Barcelona Carnival

Activity dates

Dates de celebració

Barcelona is preparing to celebrate Carnival, which this year takes place from 23 February to 1 March

Description

Carnival depends on the lunar calendar. So it is a movable festival, celebrated seven weeks after the first full moon following the winter solstice. But it also has to fit into a whole cycle with its own significance, the cycle that precedes Lent. Looking at it from that angle, to slot Carnival into the calendar we need to find the first full moon after the spring equinox. The following Sunday is Easter Sunday and the Sunday of the week before is Palm Sunday. Counting 40 days back from then brings us to Ash Wednesday, the first day of Lent and the last day of Carnival. The Thursday before then is the traditional start of Carnival week, Fat Thursday. That means Ash Wednesday moves between 4 February and 10 March, and Fat Thursday between 29 January and 4 March.

So we could describe Carnival as a sequence of days that lasts a whole week. Fat Thursday, Dijous Gras, is dominated by food: that is when most of the communal snacks and meals take place. Carnival Friday is the natural day for the arrival of the Carnival King, although that takes place at the weekend in Barcelona. Saturday is parade day in the city, especially in the neighbourhoods. The Carnival King's parade, the taronjada (orange fight) and the big sarau  (masked ball) are on Sunday afternoon and evening. Ash Wednesday sees the burial of the sardine and the last berenars populars (communal snacks).

The Barcelona Carnival in the 21st century is above all a participatory event. And as Carnival is not possible without some wild merrymaking, a degree of transgression is implicit in it, making it a spontaneous exercise in individual and collective freedom. And it is one of the events in the Barcelona neighbourhood festival calendar that involves the most people.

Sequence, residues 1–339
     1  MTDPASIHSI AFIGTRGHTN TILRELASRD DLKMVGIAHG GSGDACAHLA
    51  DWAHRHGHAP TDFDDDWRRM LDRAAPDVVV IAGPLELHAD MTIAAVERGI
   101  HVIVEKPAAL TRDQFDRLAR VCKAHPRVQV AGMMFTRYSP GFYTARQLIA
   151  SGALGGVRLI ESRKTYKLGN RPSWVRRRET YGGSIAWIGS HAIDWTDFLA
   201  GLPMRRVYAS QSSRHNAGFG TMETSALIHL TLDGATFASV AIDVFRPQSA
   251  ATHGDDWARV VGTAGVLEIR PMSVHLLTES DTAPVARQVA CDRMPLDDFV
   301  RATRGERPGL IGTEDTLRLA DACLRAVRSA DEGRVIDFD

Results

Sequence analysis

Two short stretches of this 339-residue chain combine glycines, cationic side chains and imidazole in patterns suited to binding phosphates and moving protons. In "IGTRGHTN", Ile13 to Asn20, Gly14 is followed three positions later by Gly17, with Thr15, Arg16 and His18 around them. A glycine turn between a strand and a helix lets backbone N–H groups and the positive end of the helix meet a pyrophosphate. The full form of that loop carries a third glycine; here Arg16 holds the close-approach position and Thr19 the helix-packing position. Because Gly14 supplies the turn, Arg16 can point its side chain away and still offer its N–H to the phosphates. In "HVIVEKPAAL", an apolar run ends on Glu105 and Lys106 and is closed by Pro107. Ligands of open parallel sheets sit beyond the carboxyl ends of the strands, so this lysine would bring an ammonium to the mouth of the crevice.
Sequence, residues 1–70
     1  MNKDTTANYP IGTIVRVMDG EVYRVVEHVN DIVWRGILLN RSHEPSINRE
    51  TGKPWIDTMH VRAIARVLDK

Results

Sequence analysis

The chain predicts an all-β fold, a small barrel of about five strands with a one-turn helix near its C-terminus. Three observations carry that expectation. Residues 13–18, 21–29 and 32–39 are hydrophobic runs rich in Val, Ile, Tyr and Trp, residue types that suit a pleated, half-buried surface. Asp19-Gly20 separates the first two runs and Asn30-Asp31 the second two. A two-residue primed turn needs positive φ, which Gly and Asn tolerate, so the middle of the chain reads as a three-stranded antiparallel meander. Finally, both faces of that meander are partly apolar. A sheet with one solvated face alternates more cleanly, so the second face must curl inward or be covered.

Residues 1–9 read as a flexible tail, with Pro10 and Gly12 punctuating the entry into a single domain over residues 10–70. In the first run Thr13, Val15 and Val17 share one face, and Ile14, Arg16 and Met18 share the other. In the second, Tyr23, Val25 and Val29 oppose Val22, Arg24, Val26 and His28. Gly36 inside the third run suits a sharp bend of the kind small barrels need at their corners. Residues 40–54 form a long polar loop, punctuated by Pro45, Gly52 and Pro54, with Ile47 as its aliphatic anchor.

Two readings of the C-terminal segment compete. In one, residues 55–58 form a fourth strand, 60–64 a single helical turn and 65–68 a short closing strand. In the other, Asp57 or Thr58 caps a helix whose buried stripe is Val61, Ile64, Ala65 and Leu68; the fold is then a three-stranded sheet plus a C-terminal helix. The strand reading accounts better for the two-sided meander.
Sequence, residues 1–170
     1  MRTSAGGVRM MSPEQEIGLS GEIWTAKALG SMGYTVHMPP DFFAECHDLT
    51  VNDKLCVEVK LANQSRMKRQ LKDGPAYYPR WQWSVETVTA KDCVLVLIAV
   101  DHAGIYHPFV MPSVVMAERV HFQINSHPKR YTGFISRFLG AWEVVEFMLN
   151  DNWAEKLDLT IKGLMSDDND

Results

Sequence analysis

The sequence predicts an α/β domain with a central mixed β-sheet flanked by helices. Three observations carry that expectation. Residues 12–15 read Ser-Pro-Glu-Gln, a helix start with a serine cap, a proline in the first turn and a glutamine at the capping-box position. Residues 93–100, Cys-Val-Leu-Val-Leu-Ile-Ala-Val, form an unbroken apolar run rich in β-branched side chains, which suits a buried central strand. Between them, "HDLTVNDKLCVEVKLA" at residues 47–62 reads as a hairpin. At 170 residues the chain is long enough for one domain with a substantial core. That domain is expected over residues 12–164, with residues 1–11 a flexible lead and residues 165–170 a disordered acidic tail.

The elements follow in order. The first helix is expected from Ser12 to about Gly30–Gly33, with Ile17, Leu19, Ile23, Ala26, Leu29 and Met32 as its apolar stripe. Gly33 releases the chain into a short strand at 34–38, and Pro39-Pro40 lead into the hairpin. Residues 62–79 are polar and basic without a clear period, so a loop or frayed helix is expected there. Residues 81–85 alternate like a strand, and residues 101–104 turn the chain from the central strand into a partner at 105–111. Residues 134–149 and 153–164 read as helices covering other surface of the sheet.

Reason

The Carnival festivities have their roots in Roman times, specifically in the Saturnalia, Lupercalia and Matronalia festivals, where the normal social order was turned upside down and social rules were ignored. In the Middle Ages Christianity swapped the worship of the classical gods for a period of masked balls, wild celebrations and disorder prior to Lent. While Holy Week and the days preceding it are a time of abstinence and sacrifice, Carnival means lampooning authority, a break in the monotony of everyday life through excess, revelry and defying restrictions. Masks and disguises are a symbol of camouflage, so people can stop being themselves and let themselves go. Over the course of history, the powers that be have tried to put a stop to this festival, most recently under Franco.

Origins

The first documented reference we have of Carnival being celebrated in Barcelona is an order issued in 1333 by the then City Council, the Consell de Cent, banning the throwing of oranges and limiting the use of masks to certain occasions. Originally the Carnival celebrations were very long, starting around All Saints, and they were characterised by debauchery and wild, reckless behaviour.